Randell Rivadeneira
Homework 4
1. Name the two most important things/concepts which you learned from the reading the chapter “The Architecture of Complexity”
1.1. Give a one paragraph explanation why you consider these concepts important
The first concept that I learned from this chapter was that Hierarchical Systems serve to simplify complex systems. The reason why I consider this an important concept is because of the innate desire to understand complex systems. By understanding this concept, I can formulate a simpler way to understand complex systems or in my case, complex concepts. I will be able to create a hierarchical scheme such that I could decompose a complex concept in smaller concepts that build the more complex concept. Hence, following the watchmaker analogy I could in theory be interrupted while assembling a complex concept and not have to reread, or relearn all the concepts learn so far.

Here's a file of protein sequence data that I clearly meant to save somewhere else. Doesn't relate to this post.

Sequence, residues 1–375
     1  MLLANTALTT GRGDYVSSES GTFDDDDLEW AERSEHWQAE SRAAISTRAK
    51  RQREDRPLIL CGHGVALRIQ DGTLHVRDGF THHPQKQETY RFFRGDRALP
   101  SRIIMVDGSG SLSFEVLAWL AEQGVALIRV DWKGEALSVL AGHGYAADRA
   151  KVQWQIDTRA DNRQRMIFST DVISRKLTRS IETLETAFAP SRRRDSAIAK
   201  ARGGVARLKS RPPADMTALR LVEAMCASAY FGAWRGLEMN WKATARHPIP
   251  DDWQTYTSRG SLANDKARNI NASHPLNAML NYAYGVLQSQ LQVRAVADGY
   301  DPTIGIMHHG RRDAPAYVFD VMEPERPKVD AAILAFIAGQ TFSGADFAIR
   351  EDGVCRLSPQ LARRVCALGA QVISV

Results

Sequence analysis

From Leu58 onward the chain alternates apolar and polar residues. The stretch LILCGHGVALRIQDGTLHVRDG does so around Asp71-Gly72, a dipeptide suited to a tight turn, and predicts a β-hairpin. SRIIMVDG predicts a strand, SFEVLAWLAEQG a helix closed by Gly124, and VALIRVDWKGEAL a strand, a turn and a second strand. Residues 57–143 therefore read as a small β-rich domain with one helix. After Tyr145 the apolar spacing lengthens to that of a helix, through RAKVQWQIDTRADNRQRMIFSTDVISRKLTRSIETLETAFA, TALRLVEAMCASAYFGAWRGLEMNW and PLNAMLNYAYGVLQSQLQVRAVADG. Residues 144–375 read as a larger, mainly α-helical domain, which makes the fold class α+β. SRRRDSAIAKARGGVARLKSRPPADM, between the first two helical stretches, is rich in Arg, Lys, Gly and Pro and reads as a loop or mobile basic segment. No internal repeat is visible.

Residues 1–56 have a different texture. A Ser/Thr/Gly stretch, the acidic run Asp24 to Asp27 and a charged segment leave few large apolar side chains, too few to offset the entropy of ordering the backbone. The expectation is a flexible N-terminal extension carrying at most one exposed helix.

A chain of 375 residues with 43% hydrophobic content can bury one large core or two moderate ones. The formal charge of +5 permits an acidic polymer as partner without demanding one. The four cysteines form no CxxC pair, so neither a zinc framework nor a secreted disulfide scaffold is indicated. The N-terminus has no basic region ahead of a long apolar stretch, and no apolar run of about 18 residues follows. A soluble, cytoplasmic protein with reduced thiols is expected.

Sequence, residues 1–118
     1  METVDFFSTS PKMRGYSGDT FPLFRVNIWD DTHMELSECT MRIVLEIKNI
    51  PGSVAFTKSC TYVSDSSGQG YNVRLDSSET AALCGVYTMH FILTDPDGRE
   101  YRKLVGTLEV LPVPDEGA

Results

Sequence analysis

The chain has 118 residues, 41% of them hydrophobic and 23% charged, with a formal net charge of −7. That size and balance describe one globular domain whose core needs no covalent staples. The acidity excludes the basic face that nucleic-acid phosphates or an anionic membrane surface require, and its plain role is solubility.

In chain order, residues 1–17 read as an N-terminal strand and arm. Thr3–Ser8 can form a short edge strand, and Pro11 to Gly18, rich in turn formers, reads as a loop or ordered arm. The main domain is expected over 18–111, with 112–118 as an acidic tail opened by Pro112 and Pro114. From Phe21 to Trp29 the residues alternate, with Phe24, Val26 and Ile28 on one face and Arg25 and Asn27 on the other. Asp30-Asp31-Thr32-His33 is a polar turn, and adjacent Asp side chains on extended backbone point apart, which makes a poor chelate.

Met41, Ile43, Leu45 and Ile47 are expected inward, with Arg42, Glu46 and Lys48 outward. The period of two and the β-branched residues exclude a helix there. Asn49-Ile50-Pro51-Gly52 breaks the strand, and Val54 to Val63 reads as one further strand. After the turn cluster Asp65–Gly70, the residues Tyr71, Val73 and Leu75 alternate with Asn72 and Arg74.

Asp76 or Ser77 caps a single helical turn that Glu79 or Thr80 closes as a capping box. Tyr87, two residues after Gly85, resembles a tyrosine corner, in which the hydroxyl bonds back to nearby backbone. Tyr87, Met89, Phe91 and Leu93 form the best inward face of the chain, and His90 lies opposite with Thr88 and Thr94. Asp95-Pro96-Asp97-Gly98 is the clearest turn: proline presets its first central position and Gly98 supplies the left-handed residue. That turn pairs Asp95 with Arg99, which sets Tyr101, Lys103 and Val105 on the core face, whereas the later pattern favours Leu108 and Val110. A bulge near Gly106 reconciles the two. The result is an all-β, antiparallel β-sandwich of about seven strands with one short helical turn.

The second concept I found very interesting is Nearly Decomposable Systems. It explained in a thorough manner how most of the hierarchical systems tend to interact. That is, there is a strong interaction within subsystems and less, but still present, interaction among the subsystems. This concept is a very true and important view of society and how we tend to organize ourselves. Within a workplace, workers are separated into groups, where individuals tend to collaborate more with members of their own group. But as a whole, you would like for the groups to collaborate with each other as well.
1.2. Are the concepts relevant to your work, to your interest, if yes, why?
Both concepts are relevant to my work in two manners. First, my work requires the elaboration of complex systems, where if we apply (and we do) a hierarchical structure, the elaboration of this complex system becomes easier. We work in the small subsystems first, and then as they are completed we start joining them to create a complex system. Second, my workplace requires the interaction presented in Nearly Decomposable Systems. That is, the work done in groups requires for the members in this groups to interact with each other in a daily basis. Yet the interaction should not stop there, we need to be aware of other group of developers that are working in other subsystems. Hence, we need to acknowledge that subsystems interact at some level, and hence we as groups of developers should also interact in order to create highquality software systems.